Centennial Reflection at the Biennale
Thursday, September 25th, 2014
Text by J. Michael Welton
Three American-based women, co-curators of the US Pavilion at this year’s Venice Biennale, are currently engaged in an intense cross-examination of the past 100 years of architectural practice in America. When I meet them in June, they’re pulling no punches.
“I am an agitator,” announces Eva Franch i Gilabert, the director and chief curator at Storefront for Art and Architecture, the commissioner of this year’s pavilion.
“Our ambition is to look at a vast number of projects, familiar and foreign, through the lens of the practice,” says Ashley Schafer, editor of Praxis and associate professor of architecture at Ohio State University.
“The focus of the project is on the office itself—the space of the office and its organizational intelligence,” adds Ana Miljacki, associate professor at MIT.
In the five-room, neoclassical pavilion, they’ve created a library that surveys prominent American architects who exported design around the world from 1914 until now. Documenting the work of 120 firms, the three women have assembled hundreds of booklets and models and made them available on walls throughout the pavilion, which was collectively designed by Leong Leong, graphic designer Natasha Jen / Pentagram, and technology consultants at CASE.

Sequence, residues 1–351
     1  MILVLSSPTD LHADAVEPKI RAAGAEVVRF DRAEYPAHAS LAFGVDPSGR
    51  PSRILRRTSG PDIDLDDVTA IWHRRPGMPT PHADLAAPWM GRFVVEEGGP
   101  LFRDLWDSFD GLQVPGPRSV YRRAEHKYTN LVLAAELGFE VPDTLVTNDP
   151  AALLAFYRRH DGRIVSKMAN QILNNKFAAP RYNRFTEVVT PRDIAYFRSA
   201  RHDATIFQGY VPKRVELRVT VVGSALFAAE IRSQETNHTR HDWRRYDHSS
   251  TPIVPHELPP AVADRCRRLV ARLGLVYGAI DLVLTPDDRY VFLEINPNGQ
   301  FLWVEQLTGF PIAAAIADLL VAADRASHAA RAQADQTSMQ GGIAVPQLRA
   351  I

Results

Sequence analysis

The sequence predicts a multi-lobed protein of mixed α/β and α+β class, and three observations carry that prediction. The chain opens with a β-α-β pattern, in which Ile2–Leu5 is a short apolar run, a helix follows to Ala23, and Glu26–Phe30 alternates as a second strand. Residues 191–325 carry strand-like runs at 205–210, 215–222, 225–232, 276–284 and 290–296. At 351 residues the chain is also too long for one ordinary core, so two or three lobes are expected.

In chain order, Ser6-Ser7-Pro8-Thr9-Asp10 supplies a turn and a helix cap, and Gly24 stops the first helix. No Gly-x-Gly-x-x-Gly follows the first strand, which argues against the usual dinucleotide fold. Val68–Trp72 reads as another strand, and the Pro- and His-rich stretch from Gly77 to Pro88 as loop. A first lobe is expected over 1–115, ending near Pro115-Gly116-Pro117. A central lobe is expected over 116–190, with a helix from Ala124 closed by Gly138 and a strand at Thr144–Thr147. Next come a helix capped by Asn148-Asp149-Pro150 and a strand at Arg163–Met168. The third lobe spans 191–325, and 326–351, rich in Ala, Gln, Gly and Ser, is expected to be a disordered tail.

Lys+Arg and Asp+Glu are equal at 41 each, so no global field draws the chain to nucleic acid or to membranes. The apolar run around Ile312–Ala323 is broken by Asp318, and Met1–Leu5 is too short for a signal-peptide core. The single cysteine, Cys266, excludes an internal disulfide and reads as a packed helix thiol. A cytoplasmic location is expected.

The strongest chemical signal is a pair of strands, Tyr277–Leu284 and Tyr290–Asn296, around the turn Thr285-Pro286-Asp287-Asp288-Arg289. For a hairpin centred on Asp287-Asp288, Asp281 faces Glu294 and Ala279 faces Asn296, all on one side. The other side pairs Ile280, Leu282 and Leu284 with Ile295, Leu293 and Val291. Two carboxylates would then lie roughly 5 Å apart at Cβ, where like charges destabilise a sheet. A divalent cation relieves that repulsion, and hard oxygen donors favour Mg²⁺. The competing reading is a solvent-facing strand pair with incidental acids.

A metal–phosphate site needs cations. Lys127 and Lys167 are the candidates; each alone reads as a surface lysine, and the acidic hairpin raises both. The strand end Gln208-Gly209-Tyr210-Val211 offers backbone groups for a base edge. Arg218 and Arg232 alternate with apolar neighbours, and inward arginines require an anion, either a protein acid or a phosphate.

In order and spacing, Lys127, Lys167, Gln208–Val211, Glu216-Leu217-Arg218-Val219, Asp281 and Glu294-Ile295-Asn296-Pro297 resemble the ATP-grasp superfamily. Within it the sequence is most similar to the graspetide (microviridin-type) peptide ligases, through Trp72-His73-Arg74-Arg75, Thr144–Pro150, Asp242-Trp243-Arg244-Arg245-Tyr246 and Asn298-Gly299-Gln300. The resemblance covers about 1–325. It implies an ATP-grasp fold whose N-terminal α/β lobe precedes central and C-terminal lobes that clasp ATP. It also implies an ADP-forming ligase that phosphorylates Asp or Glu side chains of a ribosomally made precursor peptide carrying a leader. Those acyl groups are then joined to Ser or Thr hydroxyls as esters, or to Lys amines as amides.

“The idea is that we produce a space for research and architec- ture and making,” Franch says.
“We were interested in looking at what has changed over the past 100 years,” Schafer says. “Many of the images that the firms used to represent themselves mostly showed men looking at models.”
Their research identifies practice-related issues, with displays in four rooms sur- rounding a central space dedicated to the future. That room contains a circular bed, ref lecting the curators’ belief that the practice has evolved to an era when work and play merge. (“A large percentage of work is now done in bed with a laptop,” Franch says.)
While collaborating with eight partner firms to document what happens at the pavilion for the next six months, the three also are looking at issues such as labor, gender, economics, and governments—to examine how the architecture practice contributes to the world as a whole. Like Palladio before them, they’ll produce four books based on their findings, and a core idea is to ask that architects gather around ideas rather than profit. “It’s an attempt to produce a descriptive field, to think historically—and suggest that thinking of architecture as profit is history,” Miljacki says.
Did I mention that they’re pulling no punches?